Shaw also added that although DGTL LIB was the team’s first foray into the digital festival experience, working virtually isn’t new. “In our typical design process, we spend quite some time in the virtual space using a variety of pre-visualization tools before we get to physically build out the show. We feel like this is just the cusp, as we continue to utilize our live show experience to evolve technology-driven entertainment.”

As for the artist sets, Vita Motus provided the performers with remote technical direction on how to set up a green screen, so the design firm could capture their performances and integrate them into the virtual scene.

“We choose to see this as an inspiring time to be in the virtual space because we find more freedom in creation with less concern around things like gravity, scale, and engineering; we can design and build otherwise impossible structures and worlds,' Shaw said.“We choose to see this as an inspiring time to be in the virtual space because we find more freedom in creation with less concern around things like gravity, scale, and engineering; we can design and build otherwise impossible structures and worlds," Shaw said.Photo: Courtesy of Vita Motus Design StudioSo could this become the music festival of the future?

“While digital experiences will never replace live events, the opportunities to enhance and augment them with integrated technology is the future of fan participation,” Shaw said. “We choose to see this as an inspiring time to be in the virtual space because we find more freedom in creation with less concern around things like gravity, scale, and engineering; we can design and build otherwise impossible structures and worlds. This has also started to re-inspire our work in the physical space, as we rediscover how to design with less limitations. We believe there are endless possibilities, and we hope the work we’ve done for DGTL LIB has helped to lay the foundation for more festivals to see this as a viable option.”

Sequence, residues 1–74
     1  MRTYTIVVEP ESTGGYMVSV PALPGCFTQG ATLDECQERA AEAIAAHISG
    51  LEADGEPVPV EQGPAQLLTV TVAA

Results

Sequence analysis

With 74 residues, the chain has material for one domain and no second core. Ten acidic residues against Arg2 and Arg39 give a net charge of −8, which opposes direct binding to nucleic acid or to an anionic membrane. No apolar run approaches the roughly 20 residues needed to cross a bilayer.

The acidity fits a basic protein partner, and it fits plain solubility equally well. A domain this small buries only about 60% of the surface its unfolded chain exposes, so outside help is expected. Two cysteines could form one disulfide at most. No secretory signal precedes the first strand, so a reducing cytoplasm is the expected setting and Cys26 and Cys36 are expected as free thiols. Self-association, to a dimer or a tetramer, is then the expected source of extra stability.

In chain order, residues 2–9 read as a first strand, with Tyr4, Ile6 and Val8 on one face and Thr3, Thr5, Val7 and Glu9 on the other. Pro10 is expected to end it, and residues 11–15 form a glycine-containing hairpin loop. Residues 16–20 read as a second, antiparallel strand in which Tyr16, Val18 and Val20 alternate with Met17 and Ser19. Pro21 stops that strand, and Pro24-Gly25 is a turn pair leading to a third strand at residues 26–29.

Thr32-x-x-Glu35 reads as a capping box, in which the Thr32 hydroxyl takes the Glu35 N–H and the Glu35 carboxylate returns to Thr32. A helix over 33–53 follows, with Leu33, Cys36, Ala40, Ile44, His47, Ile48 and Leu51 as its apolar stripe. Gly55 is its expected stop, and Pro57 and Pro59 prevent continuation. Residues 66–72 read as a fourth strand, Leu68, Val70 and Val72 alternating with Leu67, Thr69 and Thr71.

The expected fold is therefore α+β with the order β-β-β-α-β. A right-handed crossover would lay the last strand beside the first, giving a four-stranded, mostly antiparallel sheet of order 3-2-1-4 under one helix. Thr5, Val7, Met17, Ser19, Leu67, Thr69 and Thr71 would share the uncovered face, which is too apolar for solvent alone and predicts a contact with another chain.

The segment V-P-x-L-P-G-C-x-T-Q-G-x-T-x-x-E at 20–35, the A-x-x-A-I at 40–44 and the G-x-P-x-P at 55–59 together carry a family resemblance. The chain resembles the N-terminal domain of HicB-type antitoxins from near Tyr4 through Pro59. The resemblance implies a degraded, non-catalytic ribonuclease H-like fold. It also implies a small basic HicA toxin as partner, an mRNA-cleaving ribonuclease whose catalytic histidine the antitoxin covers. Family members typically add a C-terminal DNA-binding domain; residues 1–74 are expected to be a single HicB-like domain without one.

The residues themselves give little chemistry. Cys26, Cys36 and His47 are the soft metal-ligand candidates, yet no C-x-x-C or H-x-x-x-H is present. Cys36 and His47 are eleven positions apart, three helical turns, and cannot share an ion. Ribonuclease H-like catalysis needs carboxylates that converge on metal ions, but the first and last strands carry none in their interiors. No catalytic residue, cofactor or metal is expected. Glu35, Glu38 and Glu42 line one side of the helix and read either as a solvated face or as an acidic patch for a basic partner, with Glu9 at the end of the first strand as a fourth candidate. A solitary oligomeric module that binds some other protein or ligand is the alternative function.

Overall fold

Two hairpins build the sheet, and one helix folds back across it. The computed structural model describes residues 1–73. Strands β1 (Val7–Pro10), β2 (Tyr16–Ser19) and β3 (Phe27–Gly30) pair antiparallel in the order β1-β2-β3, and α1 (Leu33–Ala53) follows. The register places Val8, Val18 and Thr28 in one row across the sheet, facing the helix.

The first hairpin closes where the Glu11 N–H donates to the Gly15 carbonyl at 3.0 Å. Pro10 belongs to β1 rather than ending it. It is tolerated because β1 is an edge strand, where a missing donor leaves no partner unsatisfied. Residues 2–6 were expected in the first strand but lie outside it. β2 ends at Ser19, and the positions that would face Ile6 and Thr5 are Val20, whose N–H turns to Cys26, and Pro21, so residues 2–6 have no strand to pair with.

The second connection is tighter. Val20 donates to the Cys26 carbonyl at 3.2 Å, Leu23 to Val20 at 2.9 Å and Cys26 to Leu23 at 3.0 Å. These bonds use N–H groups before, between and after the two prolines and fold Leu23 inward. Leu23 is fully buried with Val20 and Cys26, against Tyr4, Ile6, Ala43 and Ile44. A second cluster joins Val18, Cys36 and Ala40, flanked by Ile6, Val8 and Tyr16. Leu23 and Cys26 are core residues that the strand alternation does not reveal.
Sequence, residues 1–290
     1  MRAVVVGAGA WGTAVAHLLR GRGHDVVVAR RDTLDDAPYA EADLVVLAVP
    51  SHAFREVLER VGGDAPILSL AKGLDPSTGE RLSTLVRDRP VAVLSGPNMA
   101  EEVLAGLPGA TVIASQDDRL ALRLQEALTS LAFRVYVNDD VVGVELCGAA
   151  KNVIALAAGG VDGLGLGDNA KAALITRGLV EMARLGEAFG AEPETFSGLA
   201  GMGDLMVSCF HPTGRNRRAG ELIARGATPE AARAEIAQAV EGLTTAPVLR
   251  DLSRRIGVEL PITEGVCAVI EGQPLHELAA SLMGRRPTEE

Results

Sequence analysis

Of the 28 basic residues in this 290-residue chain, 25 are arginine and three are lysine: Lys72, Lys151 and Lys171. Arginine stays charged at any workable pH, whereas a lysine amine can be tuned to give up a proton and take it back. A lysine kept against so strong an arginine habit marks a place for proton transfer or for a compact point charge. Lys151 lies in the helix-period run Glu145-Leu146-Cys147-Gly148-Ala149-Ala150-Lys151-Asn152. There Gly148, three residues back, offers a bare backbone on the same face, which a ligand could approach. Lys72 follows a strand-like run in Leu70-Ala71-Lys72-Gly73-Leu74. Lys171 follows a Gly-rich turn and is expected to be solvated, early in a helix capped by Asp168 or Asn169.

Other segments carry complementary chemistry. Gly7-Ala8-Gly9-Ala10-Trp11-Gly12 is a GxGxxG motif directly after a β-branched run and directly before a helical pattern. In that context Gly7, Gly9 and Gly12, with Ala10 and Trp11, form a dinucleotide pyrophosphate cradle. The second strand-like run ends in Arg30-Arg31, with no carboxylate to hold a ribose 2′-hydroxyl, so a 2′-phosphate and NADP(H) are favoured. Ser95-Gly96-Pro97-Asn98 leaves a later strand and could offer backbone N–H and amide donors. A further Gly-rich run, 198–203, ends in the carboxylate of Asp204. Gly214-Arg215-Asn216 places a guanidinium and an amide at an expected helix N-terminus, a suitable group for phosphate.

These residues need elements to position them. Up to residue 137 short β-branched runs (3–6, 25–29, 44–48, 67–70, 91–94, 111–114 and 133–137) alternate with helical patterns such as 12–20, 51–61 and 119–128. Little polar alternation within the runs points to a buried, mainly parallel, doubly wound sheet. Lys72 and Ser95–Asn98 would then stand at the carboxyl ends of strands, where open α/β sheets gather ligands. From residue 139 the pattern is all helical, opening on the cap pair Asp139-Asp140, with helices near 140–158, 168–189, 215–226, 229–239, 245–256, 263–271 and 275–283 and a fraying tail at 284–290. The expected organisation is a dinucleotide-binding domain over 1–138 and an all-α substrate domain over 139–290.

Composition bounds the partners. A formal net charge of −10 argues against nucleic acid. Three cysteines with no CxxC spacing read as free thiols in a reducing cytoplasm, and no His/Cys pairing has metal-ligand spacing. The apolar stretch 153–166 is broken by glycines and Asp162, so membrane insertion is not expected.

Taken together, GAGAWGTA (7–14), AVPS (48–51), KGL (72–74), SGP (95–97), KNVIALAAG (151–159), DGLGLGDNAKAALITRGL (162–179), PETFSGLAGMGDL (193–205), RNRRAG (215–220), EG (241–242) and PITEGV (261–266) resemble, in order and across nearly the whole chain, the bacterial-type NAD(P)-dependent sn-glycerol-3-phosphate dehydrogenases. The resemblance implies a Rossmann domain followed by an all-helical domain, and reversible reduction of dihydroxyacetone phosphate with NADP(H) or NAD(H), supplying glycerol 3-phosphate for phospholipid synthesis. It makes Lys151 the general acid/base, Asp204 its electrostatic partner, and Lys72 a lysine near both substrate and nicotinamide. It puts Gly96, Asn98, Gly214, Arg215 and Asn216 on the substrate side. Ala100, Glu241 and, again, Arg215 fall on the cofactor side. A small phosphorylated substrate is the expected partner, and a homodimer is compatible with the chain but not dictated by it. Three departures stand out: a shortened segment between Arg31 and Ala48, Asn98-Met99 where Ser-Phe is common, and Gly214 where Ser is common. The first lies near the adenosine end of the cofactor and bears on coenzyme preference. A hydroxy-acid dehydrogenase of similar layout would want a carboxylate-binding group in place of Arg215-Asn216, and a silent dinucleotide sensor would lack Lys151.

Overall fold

The Vita Motus team also predicts there will be more integration of avatars and user-generated content in these virtual spaces, as well as the development of tools to easily allow attendees and artists to contribute to the event.

“We are inspired by the community’s overwhelmingly positive response to DGTL LIB; it means the show isn’t over, it’s just changed format a bit for the time being,” Shaw said. “Technological innovations can help us to bridge the physical gaps between us, making it possible for artists to entertain and maintain the connection to their audience. We think this solidifies our trajectory to virtualize live production during this timeto create an entertaining, fully livestreamed space where artists, brands, and events can continue to engage their audiences, pay their workers, share their art, support their talent, and produce beautiful and inspiring activations.”

In addition to the performances, the festival also included workshops, yoga, and other activations.In addition to the performances, the festival also included workshops, yoga, and other activations.Photo: Courtesy of Vita Motus Design StudioDGTL LIB attendees gathered in a virtual landscape that mimicked the IRL festival grounds, complete with its iconic stages and structures.DGTL LIB attendees gathered in a virtual landscape that mimicked the IRL festival grounds, complete with its iconic stages and structures.Photo: Courtesy of Vita Motus Design Studio